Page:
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If I am asked to show that $\sqrt{2}$ does not have a periodic decimal expansion. Can I just prove that $\sqrt{2}$ is irrational , and since irrational numbers are don't have periodic decimal expansions then I am done? Thank you.

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  • $\begingroup$ Huh? What does it mean for a number to be periodic?? $\endgroup$ – bof Feb 19 '16 at 3:00
  • $\begingroup$ a periodic means after the decimal point number are repeating like:1.813813 $\endgroup$ – Abdulaziz Asiri Feb 19 '16 at 3:13
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Hint: If it's periodic, you could express it in terms of a geometric series with rational starting point and rational common factor.

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Suppose $\sqrt{2}$ has a periodic decimal expansion, i.e. it has the form $$\sqrt{2} = 1.a_1a_2 \cdots a_m \overline{d_1 d_2 \cdots d_n}$$ where the overline indicates the repeating digits. Then $$10^m \sqrt{2} = 1a_1a_2 \cdots a_m . \overline{d_1 d_2 \cdots d_n}$$ and $$10^{m+n} \sqrt{2} = 1a_1 a_2 \cdots a_m d_1 d_2 \cdots d_n . \overline{d_1 d_2 \cdots d_n}$$ Subtracting the first from the second yields $$(10^{m+n}-10^m)\sqrt{2} = 1a_1 a_2 \cdots a_m d_1 d_2 \cdots d_n - 1a_1a_2 \cdots a_m$$ and hence $$\sqrt{2} = \frac{1a_1 a_2 \cdots a_m d_1 d_2 \cdots d_n - 1a_1a_2 \cdots a_m}{10^{m+n}-10^m}$$ This implies that $\sqrt{2}$ is rational, which is known to be false.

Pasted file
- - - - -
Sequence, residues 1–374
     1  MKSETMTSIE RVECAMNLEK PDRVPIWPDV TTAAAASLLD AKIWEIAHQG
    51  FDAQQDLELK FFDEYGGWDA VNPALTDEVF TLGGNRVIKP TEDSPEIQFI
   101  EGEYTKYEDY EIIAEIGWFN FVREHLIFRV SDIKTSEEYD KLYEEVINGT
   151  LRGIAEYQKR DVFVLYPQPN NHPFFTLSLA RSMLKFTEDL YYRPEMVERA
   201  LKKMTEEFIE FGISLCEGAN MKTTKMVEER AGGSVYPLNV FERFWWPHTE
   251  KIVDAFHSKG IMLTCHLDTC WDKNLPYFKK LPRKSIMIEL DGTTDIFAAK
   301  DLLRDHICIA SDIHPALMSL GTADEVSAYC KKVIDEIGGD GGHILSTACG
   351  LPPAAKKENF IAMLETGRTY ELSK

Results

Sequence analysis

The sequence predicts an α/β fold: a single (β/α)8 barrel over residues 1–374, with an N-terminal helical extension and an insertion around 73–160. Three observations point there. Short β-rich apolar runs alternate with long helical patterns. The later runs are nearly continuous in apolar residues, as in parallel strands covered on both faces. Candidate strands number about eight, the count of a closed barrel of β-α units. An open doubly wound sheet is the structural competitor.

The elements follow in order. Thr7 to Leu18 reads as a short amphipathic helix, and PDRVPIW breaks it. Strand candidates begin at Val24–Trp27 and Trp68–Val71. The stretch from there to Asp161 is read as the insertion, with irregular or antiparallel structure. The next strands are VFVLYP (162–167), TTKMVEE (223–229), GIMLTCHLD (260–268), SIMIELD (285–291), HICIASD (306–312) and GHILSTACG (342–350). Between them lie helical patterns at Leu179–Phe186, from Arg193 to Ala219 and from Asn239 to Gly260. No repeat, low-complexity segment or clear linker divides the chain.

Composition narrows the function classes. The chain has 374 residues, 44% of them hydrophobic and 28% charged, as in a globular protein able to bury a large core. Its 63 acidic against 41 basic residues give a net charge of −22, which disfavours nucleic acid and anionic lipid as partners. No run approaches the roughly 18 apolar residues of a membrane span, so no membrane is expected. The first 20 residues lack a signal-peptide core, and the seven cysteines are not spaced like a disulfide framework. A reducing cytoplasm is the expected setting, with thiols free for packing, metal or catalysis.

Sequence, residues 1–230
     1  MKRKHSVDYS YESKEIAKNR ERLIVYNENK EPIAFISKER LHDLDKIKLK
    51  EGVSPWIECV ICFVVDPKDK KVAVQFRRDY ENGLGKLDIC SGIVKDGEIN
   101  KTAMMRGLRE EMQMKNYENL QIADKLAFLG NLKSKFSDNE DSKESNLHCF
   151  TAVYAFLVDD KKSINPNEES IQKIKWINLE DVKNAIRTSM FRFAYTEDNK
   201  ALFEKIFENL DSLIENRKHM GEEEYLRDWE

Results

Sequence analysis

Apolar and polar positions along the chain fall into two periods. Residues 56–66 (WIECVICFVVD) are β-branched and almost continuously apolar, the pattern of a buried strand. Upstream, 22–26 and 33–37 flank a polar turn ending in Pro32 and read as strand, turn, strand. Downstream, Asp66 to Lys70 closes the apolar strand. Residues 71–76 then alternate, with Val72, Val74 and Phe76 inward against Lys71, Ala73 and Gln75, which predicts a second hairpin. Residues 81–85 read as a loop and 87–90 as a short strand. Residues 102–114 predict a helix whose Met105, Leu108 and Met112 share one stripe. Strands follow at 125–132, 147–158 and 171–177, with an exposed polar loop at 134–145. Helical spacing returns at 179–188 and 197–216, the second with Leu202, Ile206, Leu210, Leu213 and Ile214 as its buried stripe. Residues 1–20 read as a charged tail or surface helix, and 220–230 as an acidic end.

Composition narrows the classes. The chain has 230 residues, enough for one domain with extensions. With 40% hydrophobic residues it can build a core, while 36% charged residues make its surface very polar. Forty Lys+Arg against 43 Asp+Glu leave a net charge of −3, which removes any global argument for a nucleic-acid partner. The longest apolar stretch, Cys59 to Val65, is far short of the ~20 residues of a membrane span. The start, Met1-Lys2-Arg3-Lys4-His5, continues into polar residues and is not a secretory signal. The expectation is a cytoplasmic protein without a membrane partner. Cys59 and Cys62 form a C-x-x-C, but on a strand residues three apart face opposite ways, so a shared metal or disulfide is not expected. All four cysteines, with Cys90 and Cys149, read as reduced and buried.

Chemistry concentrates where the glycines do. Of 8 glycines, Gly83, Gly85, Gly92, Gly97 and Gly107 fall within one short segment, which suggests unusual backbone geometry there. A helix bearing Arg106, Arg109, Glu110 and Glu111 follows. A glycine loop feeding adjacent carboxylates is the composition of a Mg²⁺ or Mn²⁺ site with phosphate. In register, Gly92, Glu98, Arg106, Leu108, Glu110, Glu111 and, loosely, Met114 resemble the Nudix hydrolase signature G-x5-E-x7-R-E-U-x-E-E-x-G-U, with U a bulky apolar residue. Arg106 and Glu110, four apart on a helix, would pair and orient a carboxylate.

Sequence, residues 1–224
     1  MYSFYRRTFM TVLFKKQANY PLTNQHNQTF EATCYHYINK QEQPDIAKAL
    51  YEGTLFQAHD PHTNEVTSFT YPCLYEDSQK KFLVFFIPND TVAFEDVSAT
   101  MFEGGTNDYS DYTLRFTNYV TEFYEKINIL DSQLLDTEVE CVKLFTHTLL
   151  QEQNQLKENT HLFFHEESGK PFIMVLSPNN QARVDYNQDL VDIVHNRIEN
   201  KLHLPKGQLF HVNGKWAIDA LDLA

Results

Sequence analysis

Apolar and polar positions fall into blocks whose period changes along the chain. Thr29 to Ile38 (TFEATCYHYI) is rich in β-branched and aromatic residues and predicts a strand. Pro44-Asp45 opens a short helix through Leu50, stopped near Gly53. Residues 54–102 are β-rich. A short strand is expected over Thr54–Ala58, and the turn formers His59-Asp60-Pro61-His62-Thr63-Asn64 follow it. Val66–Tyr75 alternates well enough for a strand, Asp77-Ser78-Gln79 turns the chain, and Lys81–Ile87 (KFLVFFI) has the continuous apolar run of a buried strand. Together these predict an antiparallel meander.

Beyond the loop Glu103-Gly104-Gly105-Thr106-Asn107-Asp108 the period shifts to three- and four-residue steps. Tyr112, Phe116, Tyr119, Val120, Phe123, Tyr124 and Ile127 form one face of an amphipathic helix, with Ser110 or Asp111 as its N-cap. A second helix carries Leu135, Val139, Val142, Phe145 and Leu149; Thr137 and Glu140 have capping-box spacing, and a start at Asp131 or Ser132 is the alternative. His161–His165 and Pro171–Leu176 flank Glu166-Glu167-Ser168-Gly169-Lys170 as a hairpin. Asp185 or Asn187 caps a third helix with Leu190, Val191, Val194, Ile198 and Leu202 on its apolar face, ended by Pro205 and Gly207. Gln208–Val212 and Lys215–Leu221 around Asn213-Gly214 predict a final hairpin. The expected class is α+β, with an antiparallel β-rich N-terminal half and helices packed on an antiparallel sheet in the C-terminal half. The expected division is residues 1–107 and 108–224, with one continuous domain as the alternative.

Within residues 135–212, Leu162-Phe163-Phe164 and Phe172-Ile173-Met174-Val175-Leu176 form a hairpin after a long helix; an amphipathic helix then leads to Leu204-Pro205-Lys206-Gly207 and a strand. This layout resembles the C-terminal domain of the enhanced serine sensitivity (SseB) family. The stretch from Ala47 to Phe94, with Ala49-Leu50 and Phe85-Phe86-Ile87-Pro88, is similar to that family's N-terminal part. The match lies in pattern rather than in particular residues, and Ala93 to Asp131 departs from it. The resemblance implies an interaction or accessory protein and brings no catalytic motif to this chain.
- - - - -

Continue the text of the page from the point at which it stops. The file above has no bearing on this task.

This argument generalises to show that all irrational numbers have nonperiodic expansions (in any number base).

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